Uncanny Echoes of Babel

The following are from survivor accounts in the Vishnevets Yiskor book. They sound uncannily like the characters and narrators in Isaac Babel’s wonderful, terrible tales (in the incomparable Walter Morrison translation). Many of the worst, and the best, of these finely compressed little stories are set in benighted, bloody little towns like Vishnevets.   

My grandmother fondly recalled the Red Army men who were billeted at her family’s home in Vishnevets.  I think she said they were Cossacks, who were generally White and not Red, and rarely friends of the Jews. Babel’s Cossacks fought for the Revolution, and eventually came to tolerate the Jewish Babel, though occasionally raping or killing Jews here and there.

This doomed pregnant woman’s plea is right out of Babel, who may well have been in Vishnevets with the Red Cavalry at some point during the Revolution.  
 
“Vasye,” she said. “Look, Vasinke, look at my condition. I’ve never harmed you. Have mercy on me and my baby, have mercy, Vasinke.”  
 
(Vasye did not have mercy)
 
And this grimly poetic narration, right out of Babel, by a nameless survivor:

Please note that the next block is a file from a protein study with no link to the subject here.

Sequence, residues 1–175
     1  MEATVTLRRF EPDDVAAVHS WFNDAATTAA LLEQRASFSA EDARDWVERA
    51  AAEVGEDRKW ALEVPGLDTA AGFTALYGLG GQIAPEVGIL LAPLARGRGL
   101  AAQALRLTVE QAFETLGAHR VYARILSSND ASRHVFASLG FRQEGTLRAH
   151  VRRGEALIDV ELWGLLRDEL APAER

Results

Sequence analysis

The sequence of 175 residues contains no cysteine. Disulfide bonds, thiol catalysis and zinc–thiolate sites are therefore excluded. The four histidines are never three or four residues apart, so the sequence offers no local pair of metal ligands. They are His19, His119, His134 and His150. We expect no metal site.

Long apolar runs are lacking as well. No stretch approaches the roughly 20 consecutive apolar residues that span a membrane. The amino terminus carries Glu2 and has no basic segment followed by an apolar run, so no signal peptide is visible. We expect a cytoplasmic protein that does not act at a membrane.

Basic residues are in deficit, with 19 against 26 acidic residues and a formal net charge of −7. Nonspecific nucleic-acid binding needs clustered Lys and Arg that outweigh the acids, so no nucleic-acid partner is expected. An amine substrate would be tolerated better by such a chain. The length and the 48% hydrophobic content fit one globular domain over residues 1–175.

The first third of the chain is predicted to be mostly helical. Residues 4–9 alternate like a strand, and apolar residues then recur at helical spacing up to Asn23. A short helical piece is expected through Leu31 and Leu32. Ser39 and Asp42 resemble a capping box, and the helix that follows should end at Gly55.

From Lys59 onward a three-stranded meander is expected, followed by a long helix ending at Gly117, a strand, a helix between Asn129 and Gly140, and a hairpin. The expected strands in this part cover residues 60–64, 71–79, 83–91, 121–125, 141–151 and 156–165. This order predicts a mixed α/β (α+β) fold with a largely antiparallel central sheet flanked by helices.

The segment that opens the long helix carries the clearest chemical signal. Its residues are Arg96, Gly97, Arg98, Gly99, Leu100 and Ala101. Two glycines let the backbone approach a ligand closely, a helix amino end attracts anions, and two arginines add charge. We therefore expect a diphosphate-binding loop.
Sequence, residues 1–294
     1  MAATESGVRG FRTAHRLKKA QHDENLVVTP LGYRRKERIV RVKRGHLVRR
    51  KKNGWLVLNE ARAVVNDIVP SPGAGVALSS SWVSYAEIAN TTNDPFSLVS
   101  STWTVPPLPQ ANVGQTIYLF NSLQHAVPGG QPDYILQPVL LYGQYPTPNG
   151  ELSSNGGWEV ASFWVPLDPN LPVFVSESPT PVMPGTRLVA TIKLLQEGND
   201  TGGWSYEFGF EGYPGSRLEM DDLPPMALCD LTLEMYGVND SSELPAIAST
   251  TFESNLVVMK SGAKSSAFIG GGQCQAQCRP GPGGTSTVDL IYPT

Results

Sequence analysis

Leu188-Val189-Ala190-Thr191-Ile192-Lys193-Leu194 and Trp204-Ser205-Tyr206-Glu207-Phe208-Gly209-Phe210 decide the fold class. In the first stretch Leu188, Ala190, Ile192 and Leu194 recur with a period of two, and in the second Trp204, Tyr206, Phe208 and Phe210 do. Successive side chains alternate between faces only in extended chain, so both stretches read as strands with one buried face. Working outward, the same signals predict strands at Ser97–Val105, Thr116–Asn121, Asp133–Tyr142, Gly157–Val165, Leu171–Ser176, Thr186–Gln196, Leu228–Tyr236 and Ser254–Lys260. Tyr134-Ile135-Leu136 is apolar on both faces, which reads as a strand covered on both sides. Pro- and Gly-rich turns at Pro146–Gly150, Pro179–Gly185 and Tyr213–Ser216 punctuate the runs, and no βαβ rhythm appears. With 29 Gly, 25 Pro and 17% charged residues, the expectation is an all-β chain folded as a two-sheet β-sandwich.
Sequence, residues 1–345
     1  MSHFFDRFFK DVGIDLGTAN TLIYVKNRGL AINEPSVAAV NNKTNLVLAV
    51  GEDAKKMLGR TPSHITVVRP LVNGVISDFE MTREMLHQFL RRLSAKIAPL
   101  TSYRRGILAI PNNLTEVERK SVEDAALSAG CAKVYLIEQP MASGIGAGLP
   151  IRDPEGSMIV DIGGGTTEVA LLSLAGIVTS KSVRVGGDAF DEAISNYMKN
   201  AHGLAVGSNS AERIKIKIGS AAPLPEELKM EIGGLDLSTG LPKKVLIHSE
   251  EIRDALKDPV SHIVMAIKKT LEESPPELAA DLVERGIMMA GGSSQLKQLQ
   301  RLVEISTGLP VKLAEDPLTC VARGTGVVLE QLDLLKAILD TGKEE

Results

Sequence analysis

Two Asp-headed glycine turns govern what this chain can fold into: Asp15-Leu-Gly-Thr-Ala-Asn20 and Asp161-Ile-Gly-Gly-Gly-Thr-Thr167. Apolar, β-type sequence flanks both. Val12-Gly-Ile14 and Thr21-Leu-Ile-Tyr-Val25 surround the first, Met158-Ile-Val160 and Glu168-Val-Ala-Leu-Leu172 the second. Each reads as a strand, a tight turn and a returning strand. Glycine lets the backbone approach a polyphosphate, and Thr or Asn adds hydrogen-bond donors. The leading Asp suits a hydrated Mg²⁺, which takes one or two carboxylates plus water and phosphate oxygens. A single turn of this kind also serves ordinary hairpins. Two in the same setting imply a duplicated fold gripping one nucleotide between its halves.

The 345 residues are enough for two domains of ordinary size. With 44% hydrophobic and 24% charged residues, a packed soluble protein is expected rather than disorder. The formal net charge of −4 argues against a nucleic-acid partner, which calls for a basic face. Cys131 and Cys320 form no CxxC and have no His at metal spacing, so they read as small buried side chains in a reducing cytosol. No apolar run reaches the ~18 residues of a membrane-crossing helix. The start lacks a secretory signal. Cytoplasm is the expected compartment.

One day I stood by the window looking through a crack and saw a young man around the age of 17 returning from work. He left the group, approached the fence, and threw a package over into the ghetto.

A Ukrainian saw it and grabbed the youth – the boy. And the boy didn’t realize that he had seen him. I knew the Ukrainian; he was a reptile but not one of the worst. I called him.

He came to me, and I said to him, “Vaske, what are your intentions?”

And he said to me, “He’s done something that deserves punishment by death.”

I asked him to give him a fine. Punish him with money and let him go, strongly warn him, and in this way, he would satisfy his “conscience” as keeper of the law. But he held on his own and explained to me in a beautiful way:

 “You have to understand, he doesn’t have any money. If I punish him with a fine, he’ll have difficulty paying it. Why should I enforce something that will make his life more difficult and cause him trouble with the Germans? It’s better for me to kill him. It’ll be a lot better for him.

   
 
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